The Art of Bartering 讲价 jiǎngjià

Chestnut vendor in the city of Huai’an in Jiangsu Province

China can be an exciting place to shop, especially if you are willing to barter for a good price. In many markets, especially outdoor markets, prices are often not marked and can be negotiated through bartering or haggling.  

The disadvantage of being a foreigner in China is that as soon as any vendor sees a you coming, yuan signs will light up their eyes. When you ask how much something cost, the vendor will probably jack up the price as much as ten-fold or more, knowing that foreigners are often eager to spend money and usually are clueless about how much things should cost.

Bartering is to be expected at most markets, outdoor shopping areas like at tourist sites, some produce and meat markets, and anywhere where prices are not marked. Sometimes even when the price is marked you may try to talk them down. Bartering is not acceptable in department stores, convenience stores, large discount stores, restaurants, and other such places. While you do not barter at hotels, you can ask for a discount. This is typical in the off-season and many hotels will give you a discount just for asking. You can ask for a discount by saying,

可以打折吗?kěyǐ dǎzhé ma?                                     Can you give a discount?

(给)便宜一点吗?kěyǐ (gěi) piányi yīdiǎn ma?         Can you give it for a bit cheaper?

Jade dealers at the Chaotiangong Confucian temple in Nanjing

 Strategies for successful bartering 

1. Plan on using cash

It’s a good idea to have the exact amount you plan to pay in your pocket. It never looks good after a hot bartering session to pull out a thick wad of 100 yuan notes, especially when you have talked about how little money you have. It’s also a good idea to come equipped with your money in small denominations. Many vendors are unwilling to break large bills, nor are they eager to give you any change back.

2. Pretend that you are not that interested in the product

If the dealer knows you really want the item, she has the upper hand. So look at the item skeptically, notice and verbalize negative things about the item, walk around looking at other things, then casually go back to the item you would like. Next, offer a price well below what you are willing to pay. Remember that bartering is a two-way deal. Not only must you be satisfied with the price, but the seller must be satisfied as well. If you start low, then you are willing to go up in price, which the seller will expect. No vendor will sell something at a loss; they will always make sure to make a profit on all their deals.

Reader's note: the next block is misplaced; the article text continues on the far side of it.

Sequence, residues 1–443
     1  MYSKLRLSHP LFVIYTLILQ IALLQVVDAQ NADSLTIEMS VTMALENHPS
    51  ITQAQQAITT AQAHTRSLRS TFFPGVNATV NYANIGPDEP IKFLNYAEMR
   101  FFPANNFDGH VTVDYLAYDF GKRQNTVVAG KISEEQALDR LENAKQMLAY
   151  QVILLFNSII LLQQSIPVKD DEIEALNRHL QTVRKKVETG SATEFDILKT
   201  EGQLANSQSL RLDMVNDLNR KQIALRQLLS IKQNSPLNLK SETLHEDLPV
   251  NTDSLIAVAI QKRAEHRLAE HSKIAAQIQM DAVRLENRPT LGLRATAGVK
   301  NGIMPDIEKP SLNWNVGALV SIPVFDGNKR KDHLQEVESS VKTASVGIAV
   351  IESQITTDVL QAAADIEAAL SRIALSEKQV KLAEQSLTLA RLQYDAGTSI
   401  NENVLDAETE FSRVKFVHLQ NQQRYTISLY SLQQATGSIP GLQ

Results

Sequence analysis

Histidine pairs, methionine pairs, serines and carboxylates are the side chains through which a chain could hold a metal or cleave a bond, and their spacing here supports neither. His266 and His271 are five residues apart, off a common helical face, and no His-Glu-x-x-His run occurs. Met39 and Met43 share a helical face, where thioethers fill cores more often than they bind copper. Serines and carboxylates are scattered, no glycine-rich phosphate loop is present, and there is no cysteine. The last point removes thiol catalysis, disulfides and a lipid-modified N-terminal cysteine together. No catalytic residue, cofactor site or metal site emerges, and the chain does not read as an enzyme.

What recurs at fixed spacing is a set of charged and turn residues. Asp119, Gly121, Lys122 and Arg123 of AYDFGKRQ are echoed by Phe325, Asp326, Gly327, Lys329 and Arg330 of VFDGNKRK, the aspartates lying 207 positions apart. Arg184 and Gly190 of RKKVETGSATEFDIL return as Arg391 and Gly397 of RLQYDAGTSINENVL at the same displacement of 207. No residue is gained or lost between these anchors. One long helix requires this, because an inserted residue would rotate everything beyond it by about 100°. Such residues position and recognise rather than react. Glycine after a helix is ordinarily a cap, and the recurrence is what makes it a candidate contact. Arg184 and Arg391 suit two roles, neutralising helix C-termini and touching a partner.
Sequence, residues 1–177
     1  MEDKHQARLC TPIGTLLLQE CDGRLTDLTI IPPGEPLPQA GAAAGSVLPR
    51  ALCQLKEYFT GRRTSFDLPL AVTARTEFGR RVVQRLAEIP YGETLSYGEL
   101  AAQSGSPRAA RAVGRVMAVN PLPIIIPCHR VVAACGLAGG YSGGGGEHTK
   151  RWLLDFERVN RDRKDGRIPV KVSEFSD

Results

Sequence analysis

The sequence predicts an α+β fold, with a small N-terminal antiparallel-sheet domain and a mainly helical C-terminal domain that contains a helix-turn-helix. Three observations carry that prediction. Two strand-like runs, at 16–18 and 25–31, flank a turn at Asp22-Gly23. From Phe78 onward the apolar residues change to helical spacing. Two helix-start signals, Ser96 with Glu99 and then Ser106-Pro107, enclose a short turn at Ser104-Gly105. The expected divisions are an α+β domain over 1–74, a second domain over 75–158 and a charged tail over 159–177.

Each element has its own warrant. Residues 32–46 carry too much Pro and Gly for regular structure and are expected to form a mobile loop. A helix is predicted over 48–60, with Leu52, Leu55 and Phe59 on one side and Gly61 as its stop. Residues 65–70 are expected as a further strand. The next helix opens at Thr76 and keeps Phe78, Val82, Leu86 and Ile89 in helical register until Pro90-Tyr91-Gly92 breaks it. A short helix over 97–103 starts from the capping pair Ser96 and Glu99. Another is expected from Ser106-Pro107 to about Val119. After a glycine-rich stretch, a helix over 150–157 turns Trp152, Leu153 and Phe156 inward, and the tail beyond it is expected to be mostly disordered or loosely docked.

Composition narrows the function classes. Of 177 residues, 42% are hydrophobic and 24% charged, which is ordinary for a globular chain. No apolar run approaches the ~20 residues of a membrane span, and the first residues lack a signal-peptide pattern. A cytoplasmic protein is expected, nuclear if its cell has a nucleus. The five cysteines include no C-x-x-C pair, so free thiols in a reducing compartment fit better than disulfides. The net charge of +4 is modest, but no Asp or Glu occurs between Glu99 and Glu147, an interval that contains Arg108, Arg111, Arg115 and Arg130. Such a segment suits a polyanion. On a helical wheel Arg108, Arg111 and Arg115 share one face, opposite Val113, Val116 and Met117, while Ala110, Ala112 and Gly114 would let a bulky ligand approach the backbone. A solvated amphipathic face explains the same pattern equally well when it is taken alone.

3. Offer a price well below what they are asking

The vendor will likely scoff, act disgusted, give you some line about how he or she has a family to support, and so on. Don’t take anything personally. This is just part of the script or game. They will probably say that they could never sell it for that low. They may even act offended at your offer.

 4. Walk away

The is an essential strategy. Simply start walking away. Remember, you have been pretending that you are not all that interested in the item anyway. The vendor will in most cases call you back, and offer a slightly higher price than what you originally offered. Now the real haggling begins. Continue to feign disinterest, that you could take it or leave it. Counter with another price lower than his. This may go on for awhile. The vendor at some point will refuse to go any lower. When this happens, tell the vendor to forget it (算了 suān le) and walk away again. Either the vendor will call you back again and offer a lower price, or he will let you go. At this point you need to be willing to walk on and find another vendor selling what you want. If you go back at this point, the vendor will know that he has you, that you really do want the item and probably won’t leave without it.

Selling bananas in Nanjing

Remember that this game is well known by everyone shopping in China and is expected behavior on both sides. Some people hate bartering and would rather just pay the asking price, and will get ripped off. Learn these basic bartering strategies and your dollars will go much further, and you’ll have a good time shopping.

Selling fruit off the back of a truck

4 thoughts on “The Art of Bartering 讲价 jiǎngjià

  1. I will definitely have to learn the art of bartering. I hope to be an expert by the time I travel to China. As a college student this will be very handy to know.

  2. When you’re a foreigner in China, vendors usually jack up the prices because foreigners wouldn’t know average prices.

  3. Important advice if you’re in China long-term on a budget (students)! Bartering might be especially difficult for some Americans to get into the habit of doing since there are not many chances to practice it in the States.

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